OSIRIS ō sĭ’ rəs. One of the principal gods of ancient Egypt.
According to Egyp. mythology, Osiris’ brother Seth cut up his body and scattered the pieces. Isis, Osiris’ wife, assembled his body and restored him to life. Their son Herus avenged his father by defeating Seth in single combat (Plutarch, Isis and Osiris, 12-20).
Osiris was connected with vegetation and the life-giving water of the Nile. His annual festival celebrated the sprouting of the grain.
Osiris was also king of the dead. He judged each person after death according to truth and moral laws. Acting as judge he often is represented as a seated mummy, holding a flail and shepherd’s crook and wearing a conical crown flanked by two feathers. The chief center of his worship was Abydos in Upper Egypt.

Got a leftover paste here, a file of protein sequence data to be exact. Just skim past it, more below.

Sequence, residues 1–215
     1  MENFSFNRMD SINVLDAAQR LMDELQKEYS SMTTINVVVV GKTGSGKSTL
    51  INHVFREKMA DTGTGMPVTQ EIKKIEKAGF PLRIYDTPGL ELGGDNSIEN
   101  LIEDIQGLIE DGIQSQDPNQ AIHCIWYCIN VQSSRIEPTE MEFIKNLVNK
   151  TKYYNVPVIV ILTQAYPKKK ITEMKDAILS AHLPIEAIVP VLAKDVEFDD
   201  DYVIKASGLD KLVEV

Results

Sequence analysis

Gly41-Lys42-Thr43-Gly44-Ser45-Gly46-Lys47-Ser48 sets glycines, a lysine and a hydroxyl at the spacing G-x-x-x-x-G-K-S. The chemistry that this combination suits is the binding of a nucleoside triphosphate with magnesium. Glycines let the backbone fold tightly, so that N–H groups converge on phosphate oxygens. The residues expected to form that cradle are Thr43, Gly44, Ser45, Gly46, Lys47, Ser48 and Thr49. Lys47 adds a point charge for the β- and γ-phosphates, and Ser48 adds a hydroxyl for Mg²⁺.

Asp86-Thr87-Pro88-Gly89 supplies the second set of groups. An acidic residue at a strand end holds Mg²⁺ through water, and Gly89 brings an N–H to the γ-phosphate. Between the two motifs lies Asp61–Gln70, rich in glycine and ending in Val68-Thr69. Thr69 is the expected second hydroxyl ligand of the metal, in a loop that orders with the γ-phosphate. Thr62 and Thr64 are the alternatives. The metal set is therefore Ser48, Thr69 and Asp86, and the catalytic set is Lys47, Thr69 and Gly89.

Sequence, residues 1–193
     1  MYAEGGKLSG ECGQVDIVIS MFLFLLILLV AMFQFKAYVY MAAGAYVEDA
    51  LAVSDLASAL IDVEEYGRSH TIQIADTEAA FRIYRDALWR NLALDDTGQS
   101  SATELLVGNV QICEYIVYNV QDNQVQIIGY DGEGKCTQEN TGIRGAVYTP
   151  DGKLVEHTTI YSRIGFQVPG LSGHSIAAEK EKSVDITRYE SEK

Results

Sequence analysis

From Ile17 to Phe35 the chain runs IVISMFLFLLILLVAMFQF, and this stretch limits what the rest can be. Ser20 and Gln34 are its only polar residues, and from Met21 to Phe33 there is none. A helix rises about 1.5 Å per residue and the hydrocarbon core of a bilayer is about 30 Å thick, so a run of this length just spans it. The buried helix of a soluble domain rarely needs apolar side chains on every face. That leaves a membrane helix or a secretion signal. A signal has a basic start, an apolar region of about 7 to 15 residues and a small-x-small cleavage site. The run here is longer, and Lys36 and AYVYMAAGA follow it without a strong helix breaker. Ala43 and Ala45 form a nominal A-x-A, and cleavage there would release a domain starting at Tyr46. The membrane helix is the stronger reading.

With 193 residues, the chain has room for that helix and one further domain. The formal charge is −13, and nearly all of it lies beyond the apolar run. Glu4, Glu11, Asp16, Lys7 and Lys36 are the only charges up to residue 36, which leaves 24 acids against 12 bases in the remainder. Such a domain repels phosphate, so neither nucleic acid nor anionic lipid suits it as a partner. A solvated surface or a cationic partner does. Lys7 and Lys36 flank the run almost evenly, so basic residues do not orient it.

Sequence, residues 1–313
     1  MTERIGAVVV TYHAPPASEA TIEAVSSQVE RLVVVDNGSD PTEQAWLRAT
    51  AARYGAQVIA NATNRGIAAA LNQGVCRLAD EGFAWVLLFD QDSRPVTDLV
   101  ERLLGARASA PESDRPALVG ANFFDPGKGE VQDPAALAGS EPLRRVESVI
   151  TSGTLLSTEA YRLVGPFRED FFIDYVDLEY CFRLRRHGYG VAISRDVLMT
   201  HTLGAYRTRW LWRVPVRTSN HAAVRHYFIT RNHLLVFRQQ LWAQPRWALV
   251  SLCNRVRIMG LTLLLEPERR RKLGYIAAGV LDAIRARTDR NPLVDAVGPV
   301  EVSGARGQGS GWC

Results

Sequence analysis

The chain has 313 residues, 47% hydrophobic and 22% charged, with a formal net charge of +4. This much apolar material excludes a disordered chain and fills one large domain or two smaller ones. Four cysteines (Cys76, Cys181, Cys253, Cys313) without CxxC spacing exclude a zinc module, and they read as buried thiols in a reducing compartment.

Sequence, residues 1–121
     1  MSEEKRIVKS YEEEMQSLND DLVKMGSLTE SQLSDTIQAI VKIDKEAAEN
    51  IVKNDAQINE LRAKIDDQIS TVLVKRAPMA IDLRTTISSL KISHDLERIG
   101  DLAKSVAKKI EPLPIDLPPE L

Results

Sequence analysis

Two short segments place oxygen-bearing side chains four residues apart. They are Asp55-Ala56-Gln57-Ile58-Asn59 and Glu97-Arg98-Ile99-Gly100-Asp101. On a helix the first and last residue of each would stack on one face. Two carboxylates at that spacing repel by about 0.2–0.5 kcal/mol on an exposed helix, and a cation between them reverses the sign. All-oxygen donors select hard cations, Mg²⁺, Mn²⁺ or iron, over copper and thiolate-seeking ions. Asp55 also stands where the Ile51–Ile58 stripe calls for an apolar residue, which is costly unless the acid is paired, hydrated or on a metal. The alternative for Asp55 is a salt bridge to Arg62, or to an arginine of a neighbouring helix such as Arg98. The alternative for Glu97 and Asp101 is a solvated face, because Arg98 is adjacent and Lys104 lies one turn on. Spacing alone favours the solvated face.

Later the worship of Osiris became popular outside of Egypt as a mystery cult mourning his death and celebrating his revival. In Ptolemaic times he was combined with the bull-god Apis as Serapis (Osiris + Apis), who was widely worshiped.
S. A. B. Mercer, The Religion of Ancient Egypt (1949); H. Bonnet, “Osiris,” Reallexikon der ägyptischen Religionsgeschichte (1952), 568-576.